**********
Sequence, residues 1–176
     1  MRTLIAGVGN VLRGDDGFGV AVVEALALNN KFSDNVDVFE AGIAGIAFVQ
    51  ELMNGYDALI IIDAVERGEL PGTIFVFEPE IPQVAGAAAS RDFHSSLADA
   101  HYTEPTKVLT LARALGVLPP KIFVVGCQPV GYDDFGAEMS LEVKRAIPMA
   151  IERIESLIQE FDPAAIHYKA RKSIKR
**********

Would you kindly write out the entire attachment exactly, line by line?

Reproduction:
Sequence, residues 1–176
     1  MRTLIAGVGN VLRGDDGFGV AVVEALALNN KFSDNVDVFE AGIAGIAFVQ
    51  ELMNGYDALI IIDAVERGEL PGTIFVFEPE IPQVAGAAAS RDFHSSLADA
   101  HYTEPTKVLT LARALGVLPP KIFVVGCQPV GYDDFGAEMS LEVKRAIPMA
   151  IERIESLIQE FDPAAIHYKA RKSIKR